The First Tycoon
WINNER OF THE NATIONAL BOOK AWARD
In this groundbreakingbiography, T.J. Stiles tells the dramatic story of Cornelius “Commodore” Vanderbilt, the combative man and American icon who, through his genius and force of will, did more than perhaps any other individual to create modern capitalism. Meticulously researched and elegantly written, The First Tycoon d...more
100 pages of note...more
What makes the opening strong is the discussion of the patrician attitudes of the founders, how this manifested itself in not only politics but t...more
It's hard, quite hard, translating 19th century finances to today, or stature.
But, pretend that one person was a pioneer in both the equivalent of computer operating systems AND online communications, and had the money of both. In other words, Cornelius Vanderbilt approaches a combination of Bill Gates and Sergey Brin, or something like that, with a fortune worth a least $100 billion in today's economy.
It would be easy indeed to stereotype this person as a Gilded Age "ro...more
The book was a national bestseller and won the Pulitzer Prize for History, but I don't see what all the fuss is about.
The book does do an impressive job of making a compelling historical character out of a man not known for his personality and who was barely literate, and thus left few records. Stiles does manage to show the drama in things like the war for the control of the Erie Railroad in 1869 and Vanderbilt's financial expansion from the Hudson River Railroad into a national system. There a...more
You don't spit into the wind
You don't take the mask
off that ole Lone Ranger
and you don't mess around with Cornelius Vanderbilt
This book won the Pulitzer Prize and rightfully so. What an amazing life was this one of over 80 years that played such a vital part in the history of the United States.
Knowing absolutely nothing about the Commodore before starting the book, I was eager to find out about him, expected a scoundrel and found a man of character. Stiles obvious...more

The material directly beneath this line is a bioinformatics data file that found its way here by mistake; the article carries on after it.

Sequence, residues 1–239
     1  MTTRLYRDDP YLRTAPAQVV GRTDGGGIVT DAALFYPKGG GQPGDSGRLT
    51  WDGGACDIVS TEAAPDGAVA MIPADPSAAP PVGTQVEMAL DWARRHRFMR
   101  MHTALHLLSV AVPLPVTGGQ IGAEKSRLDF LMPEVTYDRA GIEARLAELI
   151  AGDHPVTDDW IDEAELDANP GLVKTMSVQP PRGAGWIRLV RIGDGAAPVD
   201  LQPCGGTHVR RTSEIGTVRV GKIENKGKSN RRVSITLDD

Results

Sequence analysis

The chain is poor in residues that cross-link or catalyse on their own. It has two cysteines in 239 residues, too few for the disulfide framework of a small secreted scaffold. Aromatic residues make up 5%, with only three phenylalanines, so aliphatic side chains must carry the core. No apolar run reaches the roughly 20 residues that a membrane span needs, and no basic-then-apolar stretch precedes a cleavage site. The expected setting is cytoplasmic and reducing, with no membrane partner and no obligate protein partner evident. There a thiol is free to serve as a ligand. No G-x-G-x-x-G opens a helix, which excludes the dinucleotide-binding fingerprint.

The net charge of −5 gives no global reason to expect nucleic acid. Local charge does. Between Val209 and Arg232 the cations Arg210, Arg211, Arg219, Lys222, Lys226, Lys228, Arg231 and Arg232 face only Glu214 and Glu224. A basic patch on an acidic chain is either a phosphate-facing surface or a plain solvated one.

The funny thing is I enjoyed it, and actually am inspired to read more American history. As I was finishing Stiles' excellent biography, I heard about President Obama reading Edmund Morris's 'The Rise of Theodore Roosevelt,' and immediately wanted to read that. (Obama was the...more
I am thrilled to be do...more
Robber baron Cornelius “Commodore” Vanderbilt emerges from T.J. Stiles’s biography as a captivating character and a ferocious competitor. Nineteenth-century America’s most powerful tycoon had an imposing presence. At more than 200 pounds and six feet tall (two inches taller than the average American male at the time), Vanderbilt stood ramrod straight. A ferocious street fighter in his youth, he remained hale and hearty into his 80s. As a young steamboa...more
Though Stiles's admiration for the man who inspired the phrase "robber baron" shines throughout this extraordinary rags-to-riches story, he harbors no illusions about his vindictive and bad-tempered subject. Stiles is quick to set the record straight when the past has condemned Vanderbilt unfairly, but he details his unscrupulous business dealings and troubled relationships with equal aplomb. Stiles's exhaustive research has resulted in a massive, carefully edited book, and critics were surprise...more
I bought the book because I've read too many lifeless...more
But, as with other readers, I thought that this b...more
Be forewarned. The author marches you through the arc...more
Cornelius rose from nothing – a real Horatio Alger story. Uneducated, he rose from operating a single boat ferrying commuters to and from Manhattan, to bu...more
But if we return to the book. This is the first real biography I've read and it is...more
* Cornelius Vanderbilt was a financial titan who shaped a very formative America. He is the founder of big business, by consolidating corporations for efficiencies' sake..
* He had humble, but industrious beginnings. He began his work life at a very young age by ferrying people and produce across the bay. It led into sloops, then steamships, then routes, then competition, then su...more
The First Tycoon shows us how Vanderbilt went from being very concerned with simply surviving all the way through his empire-building. It shows his relative lack of concern about what his competitors were doing and simply focusing on the task of providing the best service at the leas...more